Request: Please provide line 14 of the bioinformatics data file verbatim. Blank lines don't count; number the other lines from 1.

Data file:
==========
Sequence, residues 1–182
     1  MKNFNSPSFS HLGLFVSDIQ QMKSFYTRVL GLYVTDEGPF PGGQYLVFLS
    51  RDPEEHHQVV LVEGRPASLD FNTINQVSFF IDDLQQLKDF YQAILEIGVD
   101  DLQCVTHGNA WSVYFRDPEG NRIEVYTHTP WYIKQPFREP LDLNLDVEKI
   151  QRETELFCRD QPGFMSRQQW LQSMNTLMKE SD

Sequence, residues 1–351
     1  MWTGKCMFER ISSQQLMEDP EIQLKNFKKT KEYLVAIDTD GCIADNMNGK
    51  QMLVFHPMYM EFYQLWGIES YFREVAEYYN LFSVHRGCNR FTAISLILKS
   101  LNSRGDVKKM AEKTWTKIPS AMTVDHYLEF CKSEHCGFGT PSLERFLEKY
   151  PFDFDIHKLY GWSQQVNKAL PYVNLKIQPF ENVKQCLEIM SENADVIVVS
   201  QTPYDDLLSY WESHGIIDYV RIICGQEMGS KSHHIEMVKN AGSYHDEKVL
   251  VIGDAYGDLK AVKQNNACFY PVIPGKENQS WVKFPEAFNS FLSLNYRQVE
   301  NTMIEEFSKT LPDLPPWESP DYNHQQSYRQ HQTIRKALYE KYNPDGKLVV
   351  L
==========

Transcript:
   351  L